Sky High Success

Two kites are better than one, as long as you can stay out of trouble.

Capt. Steve Dougherty November 17, 2009

Kite-fishing is far from a new concept, as primitive anglers around the world have been utilizing makeshift fishing kites for centuries. Indo-Pacific island tribes created fishing kites from large banana and breadfruit leaves threaded with thin strips of bamboo, while others used wide strips of palm leaves sewn together with vegetable fibers. Thankfully, technological advancements have led to user-friendly designs that can withstand the elements better than a brittle leaf.

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Photo: Steve Dougherty

A popular tactic when anglers wish to suspend enticing live baits on the waters surface, kite-fishing provides a major advantage when game fish are feeding in large concentrations, and when keen-eyed predators such as blackfin tuna refuse to strike flat-lined baits. With cool winter weather rapidly approaching, accompanied by prevailing northerly winds, anglers in South Florida are already gearing up for a red-hot sailfish season. And while at first glance kite-fishing may seem like an endeavor best suited for professionals, with the correct equipment and only a bit of practice even novice anglers can effectively accomplish this exciting means of enticing powerful predators.

If you want your kite to veer to the right, place an 1/8 oz. split shot on the bottom right corner of the kite.

Flight Plan
If you’re just getting into the game, a single kite will be enough to keep your hands full, but once you’re comfortable and ready to fly multiple kites there are a few things you can do to stack the odds in your favor. Unfortunately, since a kite’s flight plan is determined by the prevailing wind direction, your kites will want to fly in the same general direction. However, with the addition of a few properly placed split shots you can force your kites to fly in opposite directions. The benefit of fishing multiple kites is that it enables you to cover a broader area while simultaneously fishing a variety of offerings. If you want your kite to veer to the right, place an 1/8 oz. split shot on the bottom right corner of the kite. If one isn’t enough to change the kite’s attitude you can add a second or third. Repeat the process on the bottom left corner of the left kite so the two fly in opposing directions. Remember that all kites fly differently and to get consistent results you will have to go through some trial and error. Be sure to test your kite after each and every adjustment.

Most kites are equipped with bridles that enable anglers to adjust the height at which the kite flies. If you move the bridle slider away from the kite, it will cause the kite to fly higher, while moving the bridle towards the kite will force the kite towards the waters surface. Be careful when adjusting the bridle and make sure you move the slider in small increments. When your kite is flying at the optimal height take note of the wind speed and bridle configuration so you can duplicate your performance the next time you hit the water. If you’re not well versed in kite-fishing you owe it to yourself to give this highly effective and action packed technique a chance.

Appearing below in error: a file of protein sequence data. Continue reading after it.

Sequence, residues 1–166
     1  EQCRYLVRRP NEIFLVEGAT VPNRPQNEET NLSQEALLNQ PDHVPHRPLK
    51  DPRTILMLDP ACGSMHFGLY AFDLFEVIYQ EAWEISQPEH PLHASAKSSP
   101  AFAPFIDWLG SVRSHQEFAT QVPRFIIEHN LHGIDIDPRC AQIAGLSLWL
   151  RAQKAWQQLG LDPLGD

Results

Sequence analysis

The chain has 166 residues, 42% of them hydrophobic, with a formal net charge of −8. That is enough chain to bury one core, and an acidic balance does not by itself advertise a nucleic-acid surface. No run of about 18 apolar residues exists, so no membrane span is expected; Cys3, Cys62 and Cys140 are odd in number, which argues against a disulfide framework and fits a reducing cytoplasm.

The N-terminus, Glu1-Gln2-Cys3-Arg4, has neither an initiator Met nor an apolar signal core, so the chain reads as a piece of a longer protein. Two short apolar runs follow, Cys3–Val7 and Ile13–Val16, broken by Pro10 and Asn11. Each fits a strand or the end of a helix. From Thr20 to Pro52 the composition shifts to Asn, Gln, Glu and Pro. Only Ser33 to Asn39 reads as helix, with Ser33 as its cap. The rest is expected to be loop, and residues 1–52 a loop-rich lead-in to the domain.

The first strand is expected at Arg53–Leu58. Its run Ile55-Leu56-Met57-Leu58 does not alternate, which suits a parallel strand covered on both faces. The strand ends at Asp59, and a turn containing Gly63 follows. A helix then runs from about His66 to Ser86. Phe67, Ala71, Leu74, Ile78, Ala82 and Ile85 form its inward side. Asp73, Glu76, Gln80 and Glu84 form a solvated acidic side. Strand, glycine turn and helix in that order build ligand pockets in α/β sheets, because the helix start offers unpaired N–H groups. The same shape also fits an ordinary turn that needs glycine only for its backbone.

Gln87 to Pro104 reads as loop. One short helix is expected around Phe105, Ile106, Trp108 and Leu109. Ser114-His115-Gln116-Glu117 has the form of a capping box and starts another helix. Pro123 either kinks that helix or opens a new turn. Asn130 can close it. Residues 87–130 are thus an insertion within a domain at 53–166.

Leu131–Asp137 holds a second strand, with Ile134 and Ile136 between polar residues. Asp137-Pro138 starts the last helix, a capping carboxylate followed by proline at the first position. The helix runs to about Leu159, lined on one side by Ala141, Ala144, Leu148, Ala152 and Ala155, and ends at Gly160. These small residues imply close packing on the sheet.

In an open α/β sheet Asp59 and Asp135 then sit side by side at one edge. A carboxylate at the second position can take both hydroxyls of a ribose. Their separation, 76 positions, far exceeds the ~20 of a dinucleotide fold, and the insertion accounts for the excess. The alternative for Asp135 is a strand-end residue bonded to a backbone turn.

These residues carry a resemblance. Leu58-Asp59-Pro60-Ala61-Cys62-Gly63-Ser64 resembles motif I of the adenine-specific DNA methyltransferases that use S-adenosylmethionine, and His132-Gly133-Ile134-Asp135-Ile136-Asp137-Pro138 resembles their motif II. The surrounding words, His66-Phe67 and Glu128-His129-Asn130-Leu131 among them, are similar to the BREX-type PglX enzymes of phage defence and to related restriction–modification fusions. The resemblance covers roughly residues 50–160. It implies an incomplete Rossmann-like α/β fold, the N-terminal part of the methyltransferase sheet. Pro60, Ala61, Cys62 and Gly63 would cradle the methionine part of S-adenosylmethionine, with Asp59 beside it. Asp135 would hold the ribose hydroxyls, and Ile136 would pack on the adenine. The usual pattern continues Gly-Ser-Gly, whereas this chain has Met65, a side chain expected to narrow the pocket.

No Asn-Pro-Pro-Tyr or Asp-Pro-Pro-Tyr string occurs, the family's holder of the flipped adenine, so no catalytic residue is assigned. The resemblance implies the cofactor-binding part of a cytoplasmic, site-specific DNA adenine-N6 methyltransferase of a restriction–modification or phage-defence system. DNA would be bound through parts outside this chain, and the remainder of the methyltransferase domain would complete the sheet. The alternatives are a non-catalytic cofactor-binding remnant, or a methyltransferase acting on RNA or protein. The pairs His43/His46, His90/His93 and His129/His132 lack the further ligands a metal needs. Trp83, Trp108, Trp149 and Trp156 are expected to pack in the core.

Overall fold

Where’s The Party?
Nothing’s more frustrating than a kite that won’t fly properly due to lack of wind. Without a 5 to 10-knot breeze even light wind kites will fall from the sky. This is where helium balloons come into play. While kite-fishing may seem difficult enough as it is, the addition of a three foot helium balloon may seem like another obstacle to overcome, yet it isn’t as challenging as you may think and you’ll soon discover that the benefits far outweigh the effort. Start by inflating a 36-inch balloon to full capacity and attach a piece of monofilament or rigging floss to the balloon’s nipple, where it is tied. Place the balloon in the center of the kite and attach it to the centerpiece where the four kite spars meet. Next, tie a piece of monofilament to the top corners of the kite to fasten the balloon. By positioning the balloon to the right or left of the kite you can further adjust the direction it flies. Use a piece of tape to fasten the monofilament to the top of the balloon, but once the tape is secured don’t try to peel it off because the balloon may burst. It is important that your helium balloon’s bridle isn’t too tight or you kite won’t fly as desired. You will know if it isn’t rigged properly because it will likely wobble from side-to-side as it falls from the sky. It is an undeniable fact that kite-fishing is one of the most exciting forms of blue water angling. The anticipation alone is enough to skip a few heartbeats while witnessing an entire strike sequence is one of the greatest sights in all of anglings glory.

Be Prepared For The Worst

It’s important that you carry different kites for a variety of conditions because you don’t want to fly a low-wind kite in breezy conditions, or vice versa. When conditions aren’t ideal kites often crash into the water, which can result in broken kite lines or spars; yet another reason why it’s a good idea to carry backups. When it comes to selection there are numerous companies that offer fishing kites and most vary in how they compensate for kite adjustments and wind speed with unique bridle systems while some utilize interchangeable spars and varying cloth weights.

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